taylor takes from one to four arguments :

- an expression depending of a variable (by default x),
- an equality variable=value (e.g. x=a) where to compute the Taylor expansion, by default x=0,
- an integer n, the order of the series expansion, by default 5
- a direction -1, 1 (for unidirectional series expansion) or 0 (for bidirectional series expansion) (by default 0).

Note that the syntax ...,x,n,a,...
(instead of ...,x=a,n,...) is also accepted.

taylor returns a polynomial in x-a, plus a remainder
of the form:

(x-a)`^`

n*order_size(x-a)

where order_size is a function such that,

∀ r>0, |
| x^{r} order_size(x) = 0 |

For regular series expansion, order_size is a bounded function,
but for non regular series expansion, it might tend slowly to
infinity, for example like a power of ln(x).

Input :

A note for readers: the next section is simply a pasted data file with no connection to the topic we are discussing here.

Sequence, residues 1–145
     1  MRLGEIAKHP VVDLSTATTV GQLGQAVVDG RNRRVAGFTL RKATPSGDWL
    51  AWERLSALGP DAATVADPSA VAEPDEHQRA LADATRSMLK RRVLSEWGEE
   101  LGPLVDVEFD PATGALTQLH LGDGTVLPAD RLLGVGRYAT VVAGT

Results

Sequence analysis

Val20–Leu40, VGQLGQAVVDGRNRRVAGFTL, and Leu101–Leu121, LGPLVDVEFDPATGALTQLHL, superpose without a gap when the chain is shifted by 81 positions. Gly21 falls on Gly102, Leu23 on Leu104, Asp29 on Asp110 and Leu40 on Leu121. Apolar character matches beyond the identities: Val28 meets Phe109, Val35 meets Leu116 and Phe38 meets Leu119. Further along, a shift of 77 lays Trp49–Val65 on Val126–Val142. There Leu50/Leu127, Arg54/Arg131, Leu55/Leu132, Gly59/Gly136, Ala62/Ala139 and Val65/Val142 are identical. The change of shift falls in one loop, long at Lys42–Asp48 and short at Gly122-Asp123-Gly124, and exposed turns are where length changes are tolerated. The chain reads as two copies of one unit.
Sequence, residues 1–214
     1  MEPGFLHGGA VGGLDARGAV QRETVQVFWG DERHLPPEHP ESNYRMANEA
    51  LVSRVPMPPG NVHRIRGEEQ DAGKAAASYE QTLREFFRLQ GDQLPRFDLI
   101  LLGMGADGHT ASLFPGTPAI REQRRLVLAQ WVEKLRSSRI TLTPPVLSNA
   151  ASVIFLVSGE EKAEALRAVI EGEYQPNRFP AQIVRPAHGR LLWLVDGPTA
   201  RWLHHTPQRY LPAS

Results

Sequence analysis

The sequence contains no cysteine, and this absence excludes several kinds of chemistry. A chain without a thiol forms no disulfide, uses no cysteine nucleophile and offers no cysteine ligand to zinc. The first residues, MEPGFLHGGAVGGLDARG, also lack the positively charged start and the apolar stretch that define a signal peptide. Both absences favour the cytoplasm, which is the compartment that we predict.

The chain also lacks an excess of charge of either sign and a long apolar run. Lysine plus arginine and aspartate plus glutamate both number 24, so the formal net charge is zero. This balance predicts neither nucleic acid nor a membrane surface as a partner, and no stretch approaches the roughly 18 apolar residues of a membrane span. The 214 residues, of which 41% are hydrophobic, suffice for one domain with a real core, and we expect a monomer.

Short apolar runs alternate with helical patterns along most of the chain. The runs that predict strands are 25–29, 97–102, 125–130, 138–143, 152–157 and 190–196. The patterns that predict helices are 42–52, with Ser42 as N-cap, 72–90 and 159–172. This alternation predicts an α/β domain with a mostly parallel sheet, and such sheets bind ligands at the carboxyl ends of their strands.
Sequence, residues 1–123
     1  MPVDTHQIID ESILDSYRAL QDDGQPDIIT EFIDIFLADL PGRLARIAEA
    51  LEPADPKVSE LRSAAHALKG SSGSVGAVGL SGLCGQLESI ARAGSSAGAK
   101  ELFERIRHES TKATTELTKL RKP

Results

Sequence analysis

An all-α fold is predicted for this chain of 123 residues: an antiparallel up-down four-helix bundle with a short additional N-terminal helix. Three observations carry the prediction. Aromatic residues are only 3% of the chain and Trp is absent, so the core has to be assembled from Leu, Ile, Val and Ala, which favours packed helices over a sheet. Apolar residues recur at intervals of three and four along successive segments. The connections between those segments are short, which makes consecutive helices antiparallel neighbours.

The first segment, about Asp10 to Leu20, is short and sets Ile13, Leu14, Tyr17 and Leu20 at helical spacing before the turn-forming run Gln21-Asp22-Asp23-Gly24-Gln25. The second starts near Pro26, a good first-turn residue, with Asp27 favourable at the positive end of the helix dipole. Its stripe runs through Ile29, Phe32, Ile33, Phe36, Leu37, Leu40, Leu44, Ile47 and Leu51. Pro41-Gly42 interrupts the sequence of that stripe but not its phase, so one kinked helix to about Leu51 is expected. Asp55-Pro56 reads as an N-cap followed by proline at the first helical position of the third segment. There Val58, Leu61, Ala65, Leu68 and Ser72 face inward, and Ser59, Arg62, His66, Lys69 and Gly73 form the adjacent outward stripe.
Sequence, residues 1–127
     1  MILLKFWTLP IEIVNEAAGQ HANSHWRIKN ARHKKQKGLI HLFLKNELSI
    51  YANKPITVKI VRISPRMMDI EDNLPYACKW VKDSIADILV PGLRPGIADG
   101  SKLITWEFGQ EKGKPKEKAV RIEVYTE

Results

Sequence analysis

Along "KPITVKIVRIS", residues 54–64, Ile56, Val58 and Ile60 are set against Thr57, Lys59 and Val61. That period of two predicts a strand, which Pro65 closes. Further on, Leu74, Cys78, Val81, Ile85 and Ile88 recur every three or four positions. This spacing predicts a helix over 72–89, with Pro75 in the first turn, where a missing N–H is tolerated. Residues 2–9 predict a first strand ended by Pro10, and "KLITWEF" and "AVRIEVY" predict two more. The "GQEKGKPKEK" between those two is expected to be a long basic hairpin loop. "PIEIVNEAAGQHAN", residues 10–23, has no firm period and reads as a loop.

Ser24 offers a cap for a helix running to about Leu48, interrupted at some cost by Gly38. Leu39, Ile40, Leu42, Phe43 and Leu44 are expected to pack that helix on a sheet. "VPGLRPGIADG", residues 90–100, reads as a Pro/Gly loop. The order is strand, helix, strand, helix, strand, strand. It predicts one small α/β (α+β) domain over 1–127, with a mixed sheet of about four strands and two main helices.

taylor(sin(x),x=1,2)

Or (be careful with the order of the arguments !) :

taylor(sin(x),x,2,1)

Output :

sin(1)+cos(1)*(x-1)+(-(1/2*sin(1)))*(x-1)

`^`

2+ (x-1)`^`

3*order_size(x-1)
Remark

The order returned by taylor may be smaller than n if
cancellations between numerator and denominator occur, for example

taylor( |
| ) |

Input :

taylor(x

`^`

3+sin(x)`^`

3/(x-sin(x)))The output is only a 2nd-order series expansion :

6+-27/10*x

`^2`

+x`^`

3*order_size(x)
Indeed the numerator and denominator valuation is 3, hence we lose 3
orders. To get order 4, we should use n=7.

Input :

taylor(x

`^`

3+sin(x)`^`

3/(x-sin(x)),x=0,7)Output is a 4th-order series expansion :

6+-27/10*x

`^`

2+x`^`

3+711/1400*x`^`

4+x`^`

5*order_size(x)